Let’s pretend you and your family are renting a beautiful farm and living there for years. You grow lots of vegetables each season and start to become successful farmers. You sign a yearly lease, and overall your relationship with your landlord is great because he’s also your best friend and neighbor. After a few more years of success, in a spur-of-the-moment decision, your landlord sells his property to Walmart and decides to move to Florida!
What happens to your crops? Are they yours? Or are they your new potential landlords?
If a tenant loses possession of the land on which the crops grow, he or she is legally entitled to finish raising the crops and harvesting them. That’s right. Legally entitled. These annual crops are called Emblements.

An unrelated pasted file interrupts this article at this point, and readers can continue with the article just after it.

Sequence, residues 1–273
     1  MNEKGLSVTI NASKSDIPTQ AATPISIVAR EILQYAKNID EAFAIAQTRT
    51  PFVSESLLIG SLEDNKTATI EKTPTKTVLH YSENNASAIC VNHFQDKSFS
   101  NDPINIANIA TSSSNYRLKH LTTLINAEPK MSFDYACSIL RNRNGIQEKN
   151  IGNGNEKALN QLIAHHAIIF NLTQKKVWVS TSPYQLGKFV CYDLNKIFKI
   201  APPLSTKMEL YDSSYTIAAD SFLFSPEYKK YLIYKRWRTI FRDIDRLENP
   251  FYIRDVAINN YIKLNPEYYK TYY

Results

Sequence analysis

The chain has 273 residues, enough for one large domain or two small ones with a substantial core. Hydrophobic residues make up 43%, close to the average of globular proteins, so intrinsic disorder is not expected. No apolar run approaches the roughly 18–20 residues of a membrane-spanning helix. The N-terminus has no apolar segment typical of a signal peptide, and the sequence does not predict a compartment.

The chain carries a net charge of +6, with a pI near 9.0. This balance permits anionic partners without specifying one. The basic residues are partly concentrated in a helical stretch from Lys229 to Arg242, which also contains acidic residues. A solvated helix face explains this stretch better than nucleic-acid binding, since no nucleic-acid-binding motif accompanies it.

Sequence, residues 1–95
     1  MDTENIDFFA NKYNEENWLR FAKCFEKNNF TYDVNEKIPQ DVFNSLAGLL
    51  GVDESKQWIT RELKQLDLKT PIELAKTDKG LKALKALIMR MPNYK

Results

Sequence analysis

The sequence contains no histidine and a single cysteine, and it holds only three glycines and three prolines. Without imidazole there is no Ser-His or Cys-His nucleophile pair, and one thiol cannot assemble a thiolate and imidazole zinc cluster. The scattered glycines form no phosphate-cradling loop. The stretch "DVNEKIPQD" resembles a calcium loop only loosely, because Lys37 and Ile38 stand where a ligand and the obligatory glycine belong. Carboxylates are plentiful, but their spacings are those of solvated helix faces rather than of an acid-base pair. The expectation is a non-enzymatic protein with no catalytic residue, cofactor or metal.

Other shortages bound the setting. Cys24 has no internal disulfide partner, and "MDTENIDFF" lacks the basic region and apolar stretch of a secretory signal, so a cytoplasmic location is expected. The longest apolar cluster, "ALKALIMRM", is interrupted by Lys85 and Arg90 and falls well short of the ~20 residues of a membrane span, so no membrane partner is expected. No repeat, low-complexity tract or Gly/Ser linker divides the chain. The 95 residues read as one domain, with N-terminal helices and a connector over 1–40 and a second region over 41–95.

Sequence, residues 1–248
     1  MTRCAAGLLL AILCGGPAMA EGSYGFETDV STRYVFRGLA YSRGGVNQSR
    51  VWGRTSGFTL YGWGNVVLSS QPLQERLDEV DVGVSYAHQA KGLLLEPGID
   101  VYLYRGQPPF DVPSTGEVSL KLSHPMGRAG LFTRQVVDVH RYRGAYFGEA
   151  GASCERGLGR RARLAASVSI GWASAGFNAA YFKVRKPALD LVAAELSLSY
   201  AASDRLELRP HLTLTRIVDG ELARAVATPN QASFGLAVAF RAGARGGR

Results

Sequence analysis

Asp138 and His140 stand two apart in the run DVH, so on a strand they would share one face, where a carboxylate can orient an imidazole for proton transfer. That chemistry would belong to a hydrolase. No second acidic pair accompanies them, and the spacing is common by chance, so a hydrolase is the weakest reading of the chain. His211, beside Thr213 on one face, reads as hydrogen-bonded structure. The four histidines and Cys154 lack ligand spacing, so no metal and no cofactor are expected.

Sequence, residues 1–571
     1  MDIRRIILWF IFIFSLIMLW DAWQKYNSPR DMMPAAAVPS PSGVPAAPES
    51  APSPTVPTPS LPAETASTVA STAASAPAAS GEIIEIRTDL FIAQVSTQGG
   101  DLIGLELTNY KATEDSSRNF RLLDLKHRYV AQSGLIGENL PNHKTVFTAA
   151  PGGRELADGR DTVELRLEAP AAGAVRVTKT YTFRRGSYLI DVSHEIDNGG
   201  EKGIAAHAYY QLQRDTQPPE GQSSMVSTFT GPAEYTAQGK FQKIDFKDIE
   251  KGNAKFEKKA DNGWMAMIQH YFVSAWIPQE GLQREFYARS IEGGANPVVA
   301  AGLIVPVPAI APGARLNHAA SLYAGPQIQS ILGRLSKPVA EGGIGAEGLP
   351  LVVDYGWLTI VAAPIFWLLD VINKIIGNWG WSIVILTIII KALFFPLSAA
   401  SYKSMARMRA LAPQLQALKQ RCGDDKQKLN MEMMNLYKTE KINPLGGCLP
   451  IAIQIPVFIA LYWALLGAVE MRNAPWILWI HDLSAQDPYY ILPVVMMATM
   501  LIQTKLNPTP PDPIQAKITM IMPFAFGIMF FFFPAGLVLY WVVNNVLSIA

What are Emblements?
Definition: Emblements are annual crops cultivated by a tenant that is treated as the tenant’s personal property. They are considered “personal property.” Not REAL property but personal, meaning they move with the tenant.
The key thing to understand is a tenant farmer has the right to his or her crops even when his or her lease ends before the end of the growing season.
This situation happens in a few different circumstances, like the one we talked about before, or in the foreclosure of mortgages and other legal situations.
It also comes into play if the land passes to someone else because of the tenant’s death, and the crops pass to the tenant’s heirs.
In all of these situations, the law guarantees the farmer’s right to reap and carry away the fruits of his or her labor, even if he or she loses the title to the land on which they are grown.